134 Exercises
7. bruit/étrange/derrière/porte/fermé

8. homme/endormi/sur/chaise/cassé

← For more help, see Introducing determiners, page 17; Introducing adjectives, page 43;
Descriptive adjectives, page 44; Introducing prepositions, page 73.

B Moving day
To tell the movers where to put each item they bring into your home, use the imperative
mettez (“put”) plus the elements listed. Add the definite article (le, la, l’, les) before each
noun and make sure the adjectives agree with the nouns.
modèle ordinateur/portable/sur/petit/table
Mettez l’ordinateur portable sur la petite table.
1. nouveau/imprimante/sur/grand/bureau

2. chaises/autour de/table

3. poste de télé/en face de/canapé/noir

4. fauteuil/blanc/devant/fenêtre/ouvert

5. vêtements/dans/penderie (closet)

6. gros/frigo/à côté de/cuisinière (stove)

7. assiettes/cassé/dans/poubelle (trash can, wastebasket)/vide

8. gros/lampe/à/sous-sol (basement)

9. corbeille à papier/derrière/chaise/bleu

10. boîtes/fermé/sous/l’escalier

← For more help, see Introducing determiners, page 17; Introducing adjectives, page 43;
Descriptive adjectives, page 44; Introducing prepositions, page 73.

Exercises 135
C A scary dream
Émilie describes a scary dream she had last night. To find out what she saw in her dream,
combine each group of elements into a sentence in the imperfect tense.
modèle je/avoir très peur
J’avais très peur.
1. je/se trouver seule

2. je/être dans un champ

3. le ciel/être gris

4. le vent/souffler

5. il/commencer à pleuvoir

6. au loin on/entendre des cris

7. moi, je/pleurer

8. la pluie/me/mouiller

9. je/avoir froid

10. la terre/trembler

← For more help, see Past tenses (imperfect tense), page 91.

136 Exercises
D In my apartment building
Alexandre describes what happened in his building today. To find out what happened,
combine each group of elements into a sentence in the passé composé. Include the ordinal
number to tell which floor the events took place on.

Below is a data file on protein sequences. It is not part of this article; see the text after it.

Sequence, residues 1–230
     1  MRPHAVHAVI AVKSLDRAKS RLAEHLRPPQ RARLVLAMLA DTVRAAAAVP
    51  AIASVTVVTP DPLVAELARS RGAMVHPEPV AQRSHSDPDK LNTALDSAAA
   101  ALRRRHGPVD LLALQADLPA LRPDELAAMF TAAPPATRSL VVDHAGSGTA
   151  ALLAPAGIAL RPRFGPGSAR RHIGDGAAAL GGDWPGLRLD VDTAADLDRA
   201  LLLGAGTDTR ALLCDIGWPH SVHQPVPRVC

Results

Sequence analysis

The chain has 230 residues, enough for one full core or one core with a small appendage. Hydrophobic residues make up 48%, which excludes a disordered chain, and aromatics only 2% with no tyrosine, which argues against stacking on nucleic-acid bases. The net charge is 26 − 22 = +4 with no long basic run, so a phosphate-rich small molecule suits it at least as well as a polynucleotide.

modèle les Renan/recevoir leurs amis/3
Au troisième étage les Renan ont reçu leurs amis.
1. le facteur/apporter un colis pour mon ami Robert/8

2. Marie Grimbert et son mari/sortir à dix heures/1

3. une vieille dame/tomber dans le couloir/9

4. la police/frapper à la porte d’un appartement/4

5. Monsieur Garric/ne pas aller au travail aujourd’hui/12

6. le plombier/arriver chez les Doucet/5

7. Jacquot/sortir les ordures ménagères/6

8. Mme Hardy/mettre de nouveaux rideaux à sa fenêtre/15

9. la concierge/nettoyer le tapis/10

10. des voleurs/entrer dans l’appartement des Mercier/2

← For more help, see Passé composé, pages 97 and 99; Other limiting adjectives, page 53.

Exercises 137
E Attitudes and opinions
To tell what people think about the following events, complete each sentence, using the
present indicative or present subjunctive in the subordinate clause.
modèle Vous travaillez.
Je ne veux pas que vous travailliez .
Nous espérons que vous travaillez .
1. Marie-Claire revient.
a. Je suis content .
b. Nous pensons .
c. Nos amis ne croient pas .
d. Nous sommes sûrs .
2. Ils sont ponctuels.
a. J’espère .
b. Il est important .
c. Il est peu probable .
d. Nous savons .
3. Elle répond à tous les messages.
a. Le chef veut .
b. Il est essentiel .
c. Nous ne pensons pas .
d. Je suis certain .
4. Vous savez la réponse.
a. Il est possible .
b. Je doute .
c. On croit .
d. On espère .
5. Tu réussis à vendre ta voiture.
a. Nous ne pensons pas .
b. Je vois .
c. Il est étonnant .